The omitted section was the only part of the questionnaire labelled “audit”.
In May 2007 the Health Service Executive informed the Office of the Minister for Children that Section 5 of the audit had caused difficulty. It was decided to proceed without it.
This part of the questionnaire asked how previous cases had been dealt with and if guidelines were followed. In late 2006 some dioceses indicated they had no problem answering section 5, but asked for clarification. Others feared it compromised a person’s right to a good name and presented “insurmountable difficulties”.
The section did not ask for names of offenders but queried each bishop’s role in forwarding on the complaints to the relevant authorities. The questions would have only compromised the good name of the bishops themselves.
Other sections dealt with present practices and hypothetical commitments.
By allowing dioceses not to answer section 5, Bishop of Cloyne John Magee was able to sign the audit in January 2007 without admitting his failure to follow church or state guidelines.
This would not have emerged without separate allegations coming from One in Four, nine months later.
Both the Dublin Rape Crisis Centre and the Children’s Rights Alliance last night asked for an explanation from the Minister for Children Barry Andrews and the HSE.
Despite the difficulties some dioceses filled in the section regardless, others did so partially. Ferns diocese has said it had no legal problems.
However, in May 2007 Chief executive of the HSE, Brendan Drumm said the majority of bishops had highlighted problems. He suggested the uniformity of responses meant they were acting in concert.
“Whilst not explicitly saying so, the similarities in the bishops’ individual correspondence implied that their stance was based on collective legal advice,” he said.
The HSE obtained its own legal advice and this was sent as an attachment to Prof Drumm’s letter.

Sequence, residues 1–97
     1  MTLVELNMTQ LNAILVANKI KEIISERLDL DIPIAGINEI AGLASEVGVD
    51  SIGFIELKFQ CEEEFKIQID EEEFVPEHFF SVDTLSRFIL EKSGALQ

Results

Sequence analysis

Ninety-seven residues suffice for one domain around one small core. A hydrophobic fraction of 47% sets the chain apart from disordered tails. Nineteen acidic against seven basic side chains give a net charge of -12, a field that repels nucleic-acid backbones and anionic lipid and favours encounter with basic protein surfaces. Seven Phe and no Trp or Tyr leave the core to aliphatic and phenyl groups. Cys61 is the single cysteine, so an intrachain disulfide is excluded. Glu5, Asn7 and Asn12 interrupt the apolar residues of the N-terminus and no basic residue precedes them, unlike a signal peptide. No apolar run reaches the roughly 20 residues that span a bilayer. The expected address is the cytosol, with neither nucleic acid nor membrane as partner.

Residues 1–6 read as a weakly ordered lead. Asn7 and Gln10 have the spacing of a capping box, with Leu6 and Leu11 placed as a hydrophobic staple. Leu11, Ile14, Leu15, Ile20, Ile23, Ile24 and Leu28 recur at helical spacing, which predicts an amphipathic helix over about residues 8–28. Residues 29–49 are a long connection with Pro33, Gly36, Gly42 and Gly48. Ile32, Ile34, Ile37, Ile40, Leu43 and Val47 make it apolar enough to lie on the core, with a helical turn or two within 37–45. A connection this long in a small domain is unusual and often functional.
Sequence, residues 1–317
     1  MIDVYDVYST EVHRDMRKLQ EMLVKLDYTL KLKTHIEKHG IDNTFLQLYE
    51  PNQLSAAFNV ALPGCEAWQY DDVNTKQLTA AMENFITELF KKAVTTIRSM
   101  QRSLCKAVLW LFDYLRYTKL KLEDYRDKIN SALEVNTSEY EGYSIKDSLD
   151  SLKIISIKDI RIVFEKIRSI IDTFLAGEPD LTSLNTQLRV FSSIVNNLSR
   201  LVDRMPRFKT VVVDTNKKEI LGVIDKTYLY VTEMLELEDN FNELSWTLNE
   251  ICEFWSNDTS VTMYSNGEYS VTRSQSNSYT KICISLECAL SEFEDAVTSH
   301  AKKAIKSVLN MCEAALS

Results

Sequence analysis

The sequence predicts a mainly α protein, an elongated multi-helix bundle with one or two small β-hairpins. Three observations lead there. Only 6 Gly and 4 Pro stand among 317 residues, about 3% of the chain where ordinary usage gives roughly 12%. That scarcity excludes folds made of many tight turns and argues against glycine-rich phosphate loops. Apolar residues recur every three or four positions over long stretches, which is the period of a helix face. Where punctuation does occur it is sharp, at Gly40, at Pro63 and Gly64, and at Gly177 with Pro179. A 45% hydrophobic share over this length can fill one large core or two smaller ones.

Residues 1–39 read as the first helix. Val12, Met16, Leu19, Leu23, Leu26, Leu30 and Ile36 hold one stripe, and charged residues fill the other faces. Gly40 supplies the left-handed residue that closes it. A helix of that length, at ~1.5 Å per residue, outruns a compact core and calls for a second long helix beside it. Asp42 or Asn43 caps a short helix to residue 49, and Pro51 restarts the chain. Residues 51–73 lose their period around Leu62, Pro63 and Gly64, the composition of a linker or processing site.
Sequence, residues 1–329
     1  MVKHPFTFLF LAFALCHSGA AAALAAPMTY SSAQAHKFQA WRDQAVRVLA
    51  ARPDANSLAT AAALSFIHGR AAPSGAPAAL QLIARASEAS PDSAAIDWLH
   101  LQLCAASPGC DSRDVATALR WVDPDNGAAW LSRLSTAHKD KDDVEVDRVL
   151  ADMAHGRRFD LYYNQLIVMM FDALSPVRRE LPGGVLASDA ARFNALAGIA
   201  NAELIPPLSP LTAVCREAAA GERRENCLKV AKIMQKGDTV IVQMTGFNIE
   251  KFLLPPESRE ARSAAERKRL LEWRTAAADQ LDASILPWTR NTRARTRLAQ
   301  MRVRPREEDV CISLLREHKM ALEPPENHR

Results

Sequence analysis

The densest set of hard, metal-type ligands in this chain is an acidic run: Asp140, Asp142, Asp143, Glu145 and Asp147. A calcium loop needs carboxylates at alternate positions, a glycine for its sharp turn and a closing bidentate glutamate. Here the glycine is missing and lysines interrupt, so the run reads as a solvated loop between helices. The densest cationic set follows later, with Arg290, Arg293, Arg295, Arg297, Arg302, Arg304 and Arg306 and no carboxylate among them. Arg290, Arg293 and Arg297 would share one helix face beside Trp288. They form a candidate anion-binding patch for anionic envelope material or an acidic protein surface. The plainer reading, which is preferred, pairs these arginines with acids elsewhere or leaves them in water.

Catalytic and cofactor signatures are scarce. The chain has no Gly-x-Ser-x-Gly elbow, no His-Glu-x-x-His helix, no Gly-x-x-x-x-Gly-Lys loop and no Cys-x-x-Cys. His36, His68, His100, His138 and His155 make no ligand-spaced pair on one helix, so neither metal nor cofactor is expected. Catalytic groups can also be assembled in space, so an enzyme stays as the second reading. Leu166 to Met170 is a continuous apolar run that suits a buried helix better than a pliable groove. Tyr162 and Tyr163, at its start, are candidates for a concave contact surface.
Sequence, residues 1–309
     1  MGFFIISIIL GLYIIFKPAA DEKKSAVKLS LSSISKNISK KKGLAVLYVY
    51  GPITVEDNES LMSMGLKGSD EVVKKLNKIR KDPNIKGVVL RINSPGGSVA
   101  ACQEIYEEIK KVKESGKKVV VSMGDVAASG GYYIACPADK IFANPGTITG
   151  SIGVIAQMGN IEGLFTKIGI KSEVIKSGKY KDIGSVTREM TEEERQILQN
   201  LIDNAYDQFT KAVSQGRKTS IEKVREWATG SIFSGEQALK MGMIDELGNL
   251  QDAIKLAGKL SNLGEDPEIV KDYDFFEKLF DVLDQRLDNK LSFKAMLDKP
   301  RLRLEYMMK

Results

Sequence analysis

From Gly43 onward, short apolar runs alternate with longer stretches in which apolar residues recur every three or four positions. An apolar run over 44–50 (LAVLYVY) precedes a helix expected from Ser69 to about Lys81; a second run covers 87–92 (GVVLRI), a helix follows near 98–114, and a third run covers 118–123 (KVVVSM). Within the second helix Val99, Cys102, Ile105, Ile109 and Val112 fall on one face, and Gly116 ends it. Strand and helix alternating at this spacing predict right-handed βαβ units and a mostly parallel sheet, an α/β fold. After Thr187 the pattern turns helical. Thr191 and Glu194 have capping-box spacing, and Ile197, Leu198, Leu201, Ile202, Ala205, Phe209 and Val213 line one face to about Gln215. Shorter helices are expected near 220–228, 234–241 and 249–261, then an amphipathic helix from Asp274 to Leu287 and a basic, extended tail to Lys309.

Last night, the Catholic Communications Office spokesman Martin Long said the HSE never came back to the bishops with a solution and the audit progressed regardless.
At the end of Prof Drumm’s May 2007 letter he said he would update the then children’s minister Brian Lenihan of any developments with Section 5. Such updates were not included with yesterday’s audit.
Prof Drumm told Mr Lenihan it continued with the audit regardless, though this meant it was impossible to examine the application of the procedures in dioceses.
The result was furnished to the minster’s office 12 months ago when it was indicated the audit was complete, but that Cloyne was taken as a separate issue.
The victims’ groups have said the manner in which the Cloyne diocese was able to evade the audit had compromised the entire process.
Before Bishop Magee sent his response to the HSE in January 2007 he would have had the option to outline his actions with previous allegations and state specifically if he asked the HSE.
It would have asked Bishop Magee “had all complaints or allegations of child sexual abuse made to the diocese been brought to the attention of the HSE and the Garda Síochána”.
The National Board for Safeguarding Children in the Catholic Church (NBSCCC) report has since revealed he did not refer allegations to the HSE and, as another question in Section 5 asked, or pass on details to the gardaí at the earliest possible opportunity.
There was no way of knowing how many other bishops have dealt with allegations, removed priests from their work or handled information on abuse and also skipped over the section asking them to account for their actions.
Mr Andrews said the lack of information from Section 5 was a disappointment.
“In an attempt to overcome this difficulty, my office and the HSE will be engaging with the NBSCCC over the course of the next few weeks to explore and put in place mechanisms that will ensure that both the HSE and the NBSCCC can be satisfied that the highest standards of child safeguarding will be implemented,” he said.
But the section’s expected absence was flagged in the May 2007 letter. This was not acted upon.
However, it is still unclear as to why the bishops did not respond to section 5 when it did not ask for specific names. Or why the HSE accepted the audits without pressing the need for explanations on how dioceses dealt with previous allegations.
And if the department knew in May 2007 Section 5 was causing a problem, why did it not act on alternative options outlined by Prof Drumm’s legal team.